Today, Congressmen Markwayne Mullin (R-OK) and Earl Blumenauer (D-OR) introduced bicameral, bipartisan legislation called the Overdose Prevention and Patient Safety Act. This legislation, which was introduced in the Senate by Senators Joe Manchin and Shelley Moore Capito under the name The Protecting Jessica Grubb’s Legacy Act, helps to address the opioid crisis by ensuring that medical providers have access to the full medical history of patients suffering from substance use disorders.
Patients suffering from substance use disorder deserve integrated treatment and care,” said Congressman Mullin. “It’s time that we stop stigmatizing those struggling with opioid abuse and give physicians the tools they need to help their patients. Mental health and physical health have been treated in a silo for too long. Our bill breaks down those barriers so the doctor can treat the whole patient. I’m proud to introduce this bill with my colleagues so that we can provide 21st century care to those who need it the most.”
“It is a disgrace that doctors are treating patients, in the midst of the opioid crisis, without being able to obtain and understand their full medical history” said Congressman Blumenauer. “If substance use disorder treatment is not included in your entire medical records, then they are not complete. It makes care coordination more difficult and can lead to devastating outcomes. This bill works to remove the stigma that comes with substance use disorders and ensures necessary information is available for safe, efficient, and transparent treatment for all patients.”
Congressman Greg Walden, Ranking Member of the Energy and Commerce Committee, said “I want to thank Reps. Blumenauer and Mullin for re-introducing the Overdose Prevention and Patient Safety Act again this Congress. This important legislation passed the House alongside the SUPPORT for Patients and Communities Act last congress, but ultimately did not become law. This is one of the most significant policies we can address to continue our efforts to combat the opioid crisis. I look forward to swift passage of this bill so doctors can safely and effectively treat patients with substance use disorder while ensuring the necessary privacy protections remain in place.”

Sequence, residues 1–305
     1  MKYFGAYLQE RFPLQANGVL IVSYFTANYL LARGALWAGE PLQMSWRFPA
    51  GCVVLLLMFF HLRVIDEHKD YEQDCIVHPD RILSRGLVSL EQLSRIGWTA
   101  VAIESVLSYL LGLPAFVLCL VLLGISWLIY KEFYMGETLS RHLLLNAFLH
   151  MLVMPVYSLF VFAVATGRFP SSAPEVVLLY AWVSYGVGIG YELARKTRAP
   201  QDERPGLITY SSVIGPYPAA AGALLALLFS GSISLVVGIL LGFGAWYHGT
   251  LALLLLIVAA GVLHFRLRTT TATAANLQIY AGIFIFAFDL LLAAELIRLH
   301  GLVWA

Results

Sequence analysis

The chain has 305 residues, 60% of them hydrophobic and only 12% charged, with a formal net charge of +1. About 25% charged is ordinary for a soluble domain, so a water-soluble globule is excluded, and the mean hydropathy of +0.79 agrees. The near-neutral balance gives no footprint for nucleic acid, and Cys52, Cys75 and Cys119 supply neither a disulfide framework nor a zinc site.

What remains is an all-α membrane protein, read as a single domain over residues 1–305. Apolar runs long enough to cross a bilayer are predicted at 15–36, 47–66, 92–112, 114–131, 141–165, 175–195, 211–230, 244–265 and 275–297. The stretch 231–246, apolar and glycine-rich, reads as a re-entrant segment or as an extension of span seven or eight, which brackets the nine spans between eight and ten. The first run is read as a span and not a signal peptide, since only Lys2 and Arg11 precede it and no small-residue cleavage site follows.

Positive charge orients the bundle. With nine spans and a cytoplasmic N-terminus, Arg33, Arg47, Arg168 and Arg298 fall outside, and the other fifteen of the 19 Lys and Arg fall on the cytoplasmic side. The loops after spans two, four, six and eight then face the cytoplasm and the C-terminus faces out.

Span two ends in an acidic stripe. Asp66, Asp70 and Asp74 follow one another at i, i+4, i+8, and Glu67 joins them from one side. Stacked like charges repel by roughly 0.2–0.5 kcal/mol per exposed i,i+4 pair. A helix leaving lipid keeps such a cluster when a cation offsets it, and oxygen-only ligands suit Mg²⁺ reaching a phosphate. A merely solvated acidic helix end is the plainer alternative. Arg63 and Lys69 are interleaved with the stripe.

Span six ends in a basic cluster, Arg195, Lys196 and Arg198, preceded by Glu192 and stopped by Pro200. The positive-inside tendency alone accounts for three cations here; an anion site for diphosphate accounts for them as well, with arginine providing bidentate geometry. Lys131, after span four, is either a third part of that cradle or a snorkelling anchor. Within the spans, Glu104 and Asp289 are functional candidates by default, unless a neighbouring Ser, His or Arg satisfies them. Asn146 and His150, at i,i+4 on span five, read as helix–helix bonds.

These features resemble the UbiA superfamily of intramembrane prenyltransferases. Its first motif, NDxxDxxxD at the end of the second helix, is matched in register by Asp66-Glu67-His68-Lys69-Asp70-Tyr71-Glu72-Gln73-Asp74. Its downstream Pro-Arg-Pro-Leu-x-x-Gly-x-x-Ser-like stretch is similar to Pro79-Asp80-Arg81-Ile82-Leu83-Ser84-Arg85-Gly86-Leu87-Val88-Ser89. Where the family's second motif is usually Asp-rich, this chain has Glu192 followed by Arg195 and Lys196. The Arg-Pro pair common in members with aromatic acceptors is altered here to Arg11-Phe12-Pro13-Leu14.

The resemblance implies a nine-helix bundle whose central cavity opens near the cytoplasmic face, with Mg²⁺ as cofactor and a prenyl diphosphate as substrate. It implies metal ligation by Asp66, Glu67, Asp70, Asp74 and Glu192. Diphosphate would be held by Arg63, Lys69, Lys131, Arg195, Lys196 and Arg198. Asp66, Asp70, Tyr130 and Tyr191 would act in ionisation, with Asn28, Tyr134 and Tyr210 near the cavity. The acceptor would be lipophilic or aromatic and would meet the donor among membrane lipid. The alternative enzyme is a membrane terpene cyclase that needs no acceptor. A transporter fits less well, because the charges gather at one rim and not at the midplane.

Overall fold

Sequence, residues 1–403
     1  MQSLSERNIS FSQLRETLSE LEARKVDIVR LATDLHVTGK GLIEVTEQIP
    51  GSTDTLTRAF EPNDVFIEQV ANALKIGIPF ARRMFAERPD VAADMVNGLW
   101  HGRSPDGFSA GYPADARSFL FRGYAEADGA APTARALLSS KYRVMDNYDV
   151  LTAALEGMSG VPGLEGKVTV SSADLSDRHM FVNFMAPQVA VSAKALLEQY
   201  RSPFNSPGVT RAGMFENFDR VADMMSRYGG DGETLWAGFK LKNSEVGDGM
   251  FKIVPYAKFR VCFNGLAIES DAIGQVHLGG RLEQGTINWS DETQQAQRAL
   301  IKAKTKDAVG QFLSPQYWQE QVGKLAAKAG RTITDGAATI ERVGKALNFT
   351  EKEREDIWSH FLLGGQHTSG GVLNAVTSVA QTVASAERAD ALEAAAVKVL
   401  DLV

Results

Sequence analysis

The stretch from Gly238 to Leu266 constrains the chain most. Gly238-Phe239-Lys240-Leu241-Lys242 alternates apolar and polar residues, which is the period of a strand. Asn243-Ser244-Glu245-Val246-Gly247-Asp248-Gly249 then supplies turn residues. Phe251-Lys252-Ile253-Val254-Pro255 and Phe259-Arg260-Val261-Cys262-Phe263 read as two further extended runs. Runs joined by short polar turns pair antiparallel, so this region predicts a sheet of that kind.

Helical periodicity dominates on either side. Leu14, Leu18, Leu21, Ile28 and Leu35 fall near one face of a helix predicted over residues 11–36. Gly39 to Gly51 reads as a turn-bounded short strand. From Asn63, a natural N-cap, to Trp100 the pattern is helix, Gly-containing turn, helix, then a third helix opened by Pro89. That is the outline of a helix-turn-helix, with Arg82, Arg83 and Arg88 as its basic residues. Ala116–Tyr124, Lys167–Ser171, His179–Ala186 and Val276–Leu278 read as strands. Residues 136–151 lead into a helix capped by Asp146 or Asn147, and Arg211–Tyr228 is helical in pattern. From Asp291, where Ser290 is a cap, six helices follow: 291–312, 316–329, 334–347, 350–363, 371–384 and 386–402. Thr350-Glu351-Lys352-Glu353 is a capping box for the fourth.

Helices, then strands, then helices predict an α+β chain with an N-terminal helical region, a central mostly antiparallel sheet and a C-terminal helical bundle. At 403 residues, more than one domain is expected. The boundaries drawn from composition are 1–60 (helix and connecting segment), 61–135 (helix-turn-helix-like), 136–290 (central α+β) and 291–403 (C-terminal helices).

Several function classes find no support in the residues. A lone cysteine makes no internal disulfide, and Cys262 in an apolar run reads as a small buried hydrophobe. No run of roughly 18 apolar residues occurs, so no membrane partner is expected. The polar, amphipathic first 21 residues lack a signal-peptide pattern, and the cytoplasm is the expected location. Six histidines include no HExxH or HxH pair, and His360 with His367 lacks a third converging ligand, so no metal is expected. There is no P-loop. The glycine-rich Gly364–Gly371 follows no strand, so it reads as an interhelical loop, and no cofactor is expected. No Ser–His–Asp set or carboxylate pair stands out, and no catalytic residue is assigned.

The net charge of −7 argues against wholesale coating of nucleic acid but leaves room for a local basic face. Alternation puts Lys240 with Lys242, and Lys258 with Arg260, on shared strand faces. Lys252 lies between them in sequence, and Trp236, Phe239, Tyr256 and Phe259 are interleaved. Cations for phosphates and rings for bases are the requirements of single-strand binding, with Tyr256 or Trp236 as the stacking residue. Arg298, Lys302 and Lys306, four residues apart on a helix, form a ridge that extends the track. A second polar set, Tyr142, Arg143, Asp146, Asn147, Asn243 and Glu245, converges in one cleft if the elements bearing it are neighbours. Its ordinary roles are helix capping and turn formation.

This bill aligns the outdated and restrictive law and regulations, collectively known as 42 CFR Part 2 (or “Part 2”), with the patient privacy protections currently in place under the Health Insurance Portability and Accountability Act (HIPAA), allowing the medical community to utilize substance use disorder treatment records in the same manner as all other medical records. The legislation also incorporates language to guard against unauthorized invasions of patient privacy, discriminatory activities, and authorizes strong enforcement penalties and breach notification requirements for these transgressions, which are not currently available under Part 2.